There was a first edition of Fort’s Book of the Damned and a dark grimoire so waterstained she could make out none of the spells. – Avram Davidson, Magic For Sale
Although the narrative is in English, its mathematical complexities and astronomical references effectively mean learning its Book skill requires Mathematics-12+ and Astronomy-12+ as prerequisites. Four comprehensible rituals exist within the tome.
Horoscope Effect Shaping: Book Skill-4; 10 minutes. Energy Accumulating: 6 points. This is simply a standard astrological divination spell that uses the Chinese zodiac (Thaumatology, p. 86). It is otherwise identical to the Vision of Luck (Thaumatology, p. 152). Casting involves preparing an astrological chart and requires knowledge of the subject’s birthday.
The Astral Telescope Effect Shaping: Book Skill-4; 1hour. This adds levels of Telescopic Vision equal to margin of success (minimum 1). Energy Accumulating: 5 points + 2 per level of Telescopic Vision.
This ritual is cast on a telescope (or binoculars). For the duration of the ritual effect, it permits the telescope to gather astral as well as visible light, greatly increasing its performance by one or more levels of Telescopic Vision. In addition, it grants the scope See Invisible (for invisibility to electromagnetic vision) and Hyperspectral Vision (Extended High and Low-Band). In particular, the user may use the scope to see invisible and insubstantial entities, such as ghosts and astral travelers.
Evocation of the Falling Star Effect Shaping: Book Skill-6; 1 hour. This inflicts dice of crushing damage equal to margin of success (minimum 1d). Energy Accumulating: 12 points; use Damage Modifiers Tables (Thaumatology, pp. 242-243) to determine damage, which must be crushing. If cast during an existing meteor shower, or in advance of a predicted shower, this will redirect the path of a falling meteor to strike a particular target designated by the magician. Except for inflicting crushing rather than burning damage, the ritual is effectively identical to Thunderbolt (Thaumatology, p. 144)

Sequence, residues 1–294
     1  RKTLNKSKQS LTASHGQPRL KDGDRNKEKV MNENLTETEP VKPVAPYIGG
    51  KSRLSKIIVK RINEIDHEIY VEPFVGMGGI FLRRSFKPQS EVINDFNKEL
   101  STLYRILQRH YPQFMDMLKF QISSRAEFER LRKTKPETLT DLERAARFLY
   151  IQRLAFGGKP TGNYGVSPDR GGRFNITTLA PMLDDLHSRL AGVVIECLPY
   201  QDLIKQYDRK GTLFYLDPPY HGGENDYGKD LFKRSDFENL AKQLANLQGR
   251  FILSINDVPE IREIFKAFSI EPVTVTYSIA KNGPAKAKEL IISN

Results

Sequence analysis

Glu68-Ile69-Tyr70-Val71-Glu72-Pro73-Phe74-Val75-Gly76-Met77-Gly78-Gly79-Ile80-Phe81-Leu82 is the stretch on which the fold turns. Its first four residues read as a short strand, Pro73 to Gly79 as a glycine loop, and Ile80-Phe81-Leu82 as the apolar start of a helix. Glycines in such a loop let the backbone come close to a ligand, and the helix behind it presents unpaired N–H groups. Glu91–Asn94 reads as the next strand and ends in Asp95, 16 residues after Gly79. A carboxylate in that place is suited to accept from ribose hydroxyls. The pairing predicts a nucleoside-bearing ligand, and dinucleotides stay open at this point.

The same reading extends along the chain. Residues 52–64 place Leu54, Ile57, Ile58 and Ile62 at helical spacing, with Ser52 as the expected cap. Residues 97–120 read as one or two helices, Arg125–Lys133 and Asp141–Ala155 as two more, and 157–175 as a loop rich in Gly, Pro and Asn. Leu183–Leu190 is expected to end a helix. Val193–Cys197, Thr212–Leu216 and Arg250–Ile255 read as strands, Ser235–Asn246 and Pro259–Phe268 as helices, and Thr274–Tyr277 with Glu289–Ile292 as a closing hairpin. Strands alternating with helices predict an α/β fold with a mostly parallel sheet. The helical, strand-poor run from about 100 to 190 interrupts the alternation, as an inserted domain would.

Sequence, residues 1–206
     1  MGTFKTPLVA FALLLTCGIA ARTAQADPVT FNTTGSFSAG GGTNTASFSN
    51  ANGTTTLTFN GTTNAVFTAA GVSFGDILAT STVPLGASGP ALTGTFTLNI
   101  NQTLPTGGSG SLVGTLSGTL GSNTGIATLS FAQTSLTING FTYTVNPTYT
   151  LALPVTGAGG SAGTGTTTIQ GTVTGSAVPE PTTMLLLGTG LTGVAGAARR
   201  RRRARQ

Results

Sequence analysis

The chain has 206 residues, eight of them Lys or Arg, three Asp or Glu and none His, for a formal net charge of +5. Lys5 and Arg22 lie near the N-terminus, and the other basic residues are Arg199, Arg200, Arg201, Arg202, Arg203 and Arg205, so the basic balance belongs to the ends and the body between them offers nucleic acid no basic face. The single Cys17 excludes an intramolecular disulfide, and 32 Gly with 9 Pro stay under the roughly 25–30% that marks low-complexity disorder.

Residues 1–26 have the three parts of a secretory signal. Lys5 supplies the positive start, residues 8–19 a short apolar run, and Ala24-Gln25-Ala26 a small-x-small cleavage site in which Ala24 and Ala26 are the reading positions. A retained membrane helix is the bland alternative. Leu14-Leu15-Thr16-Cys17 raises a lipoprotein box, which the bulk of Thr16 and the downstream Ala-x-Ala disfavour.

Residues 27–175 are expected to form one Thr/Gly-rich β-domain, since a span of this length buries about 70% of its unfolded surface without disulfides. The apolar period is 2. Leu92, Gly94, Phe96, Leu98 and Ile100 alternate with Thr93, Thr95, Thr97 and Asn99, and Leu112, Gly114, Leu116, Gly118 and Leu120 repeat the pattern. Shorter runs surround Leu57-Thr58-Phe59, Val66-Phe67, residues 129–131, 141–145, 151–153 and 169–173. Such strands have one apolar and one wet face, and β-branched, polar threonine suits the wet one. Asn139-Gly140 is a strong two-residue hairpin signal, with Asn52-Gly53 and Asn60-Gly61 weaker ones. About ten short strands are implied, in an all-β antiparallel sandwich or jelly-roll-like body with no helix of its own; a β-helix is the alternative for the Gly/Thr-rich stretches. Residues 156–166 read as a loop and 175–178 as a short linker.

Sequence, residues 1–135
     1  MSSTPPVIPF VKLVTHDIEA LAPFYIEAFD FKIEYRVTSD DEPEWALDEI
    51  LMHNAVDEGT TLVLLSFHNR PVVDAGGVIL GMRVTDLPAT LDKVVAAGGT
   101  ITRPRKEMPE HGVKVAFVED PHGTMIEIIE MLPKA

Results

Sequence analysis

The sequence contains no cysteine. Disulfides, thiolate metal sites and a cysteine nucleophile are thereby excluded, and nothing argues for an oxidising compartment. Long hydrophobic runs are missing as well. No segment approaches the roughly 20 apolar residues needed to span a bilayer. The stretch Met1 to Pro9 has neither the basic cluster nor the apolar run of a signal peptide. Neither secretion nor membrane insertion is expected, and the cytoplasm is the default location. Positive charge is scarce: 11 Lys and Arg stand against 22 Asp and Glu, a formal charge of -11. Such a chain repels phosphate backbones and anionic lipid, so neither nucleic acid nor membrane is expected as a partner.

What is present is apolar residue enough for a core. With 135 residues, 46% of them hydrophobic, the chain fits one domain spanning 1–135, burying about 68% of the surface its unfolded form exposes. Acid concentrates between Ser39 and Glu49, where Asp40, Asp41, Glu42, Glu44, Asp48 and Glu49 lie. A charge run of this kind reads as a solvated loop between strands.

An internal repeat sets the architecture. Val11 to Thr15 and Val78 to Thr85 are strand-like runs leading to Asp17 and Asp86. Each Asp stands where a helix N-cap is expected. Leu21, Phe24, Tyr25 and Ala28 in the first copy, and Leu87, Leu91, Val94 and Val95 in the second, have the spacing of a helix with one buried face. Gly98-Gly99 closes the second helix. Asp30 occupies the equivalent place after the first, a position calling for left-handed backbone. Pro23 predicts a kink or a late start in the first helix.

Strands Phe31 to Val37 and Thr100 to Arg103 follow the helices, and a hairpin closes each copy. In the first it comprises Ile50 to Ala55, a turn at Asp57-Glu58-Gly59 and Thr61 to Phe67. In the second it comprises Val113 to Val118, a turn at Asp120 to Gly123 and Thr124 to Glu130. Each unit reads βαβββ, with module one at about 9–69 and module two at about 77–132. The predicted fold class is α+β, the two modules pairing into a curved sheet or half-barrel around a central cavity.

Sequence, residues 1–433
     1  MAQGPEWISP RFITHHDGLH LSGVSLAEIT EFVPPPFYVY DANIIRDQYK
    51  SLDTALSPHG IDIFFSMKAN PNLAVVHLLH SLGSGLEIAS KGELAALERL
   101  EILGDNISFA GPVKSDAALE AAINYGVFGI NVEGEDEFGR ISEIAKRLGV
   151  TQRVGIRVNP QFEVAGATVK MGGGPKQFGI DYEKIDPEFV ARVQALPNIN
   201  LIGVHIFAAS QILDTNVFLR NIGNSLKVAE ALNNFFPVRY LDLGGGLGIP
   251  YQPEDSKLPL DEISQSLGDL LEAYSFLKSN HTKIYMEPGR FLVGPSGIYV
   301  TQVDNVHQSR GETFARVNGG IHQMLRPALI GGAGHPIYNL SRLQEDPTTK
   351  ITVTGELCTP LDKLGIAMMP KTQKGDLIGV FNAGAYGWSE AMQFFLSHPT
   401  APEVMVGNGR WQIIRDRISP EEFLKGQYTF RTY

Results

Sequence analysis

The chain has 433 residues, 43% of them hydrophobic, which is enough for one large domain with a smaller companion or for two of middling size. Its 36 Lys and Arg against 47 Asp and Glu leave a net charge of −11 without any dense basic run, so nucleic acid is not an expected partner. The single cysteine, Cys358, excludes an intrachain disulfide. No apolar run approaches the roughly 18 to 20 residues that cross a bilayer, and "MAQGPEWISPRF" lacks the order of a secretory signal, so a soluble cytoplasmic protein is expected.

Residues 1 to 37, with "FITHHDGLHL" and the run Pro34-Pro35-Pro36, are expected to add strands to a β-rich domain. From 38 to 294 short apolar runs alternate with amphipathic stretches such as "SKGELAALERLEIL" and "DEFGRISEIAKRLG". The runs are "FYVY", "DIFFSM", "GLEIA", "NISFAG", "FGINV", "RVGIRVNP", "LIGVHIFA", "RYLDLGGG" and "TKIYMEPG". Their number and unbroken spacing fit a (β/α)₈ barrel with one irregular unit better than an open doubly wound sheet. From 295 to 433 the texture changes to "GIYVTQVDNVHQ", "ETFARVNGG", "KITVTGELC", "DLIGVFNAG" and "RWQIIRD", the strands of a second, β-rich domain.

The Cosmologist The ex-NASA astrophysicist Steven Shrewsbury (see The Tokyo Copy, p. 22) indeed possesses a copy of the manuscript. Although not a magician himself, he is a believer in paranormal phenomena. He acquired the manuscript after reading the Widmore Abstract and being fascinated by its reference to “five moons of the ninth planet” in a 1913-era manuscript. While the existence of a ninth planet or planet X was widely suspected in the period, the fact that Pluto had at least five sizable moons was not discovered until far more recent times. Moreover, the references in the final chapter to a void in the constellation of Eridanus sound to him like the Cosmic Background Microwave (CBM) cold spot, or Eridanus Supervoid, an area that might possibly be a vast empty space in the universe or even, according to one controversial theory, the impression of another universe impinging on our own. Shrewsbury would dearly like to find a magician who can test these theories by trying out the rituals. The cosmologist wishes to follow in Arthur Runciman’s footsteps to the very ends of the universe. Perhaps he will come to the PCs – or maybe his quest for an occult partner will lead him to the wrong people (Chinese agents?) and either he, or a friend or relative, will need someone to rescue him.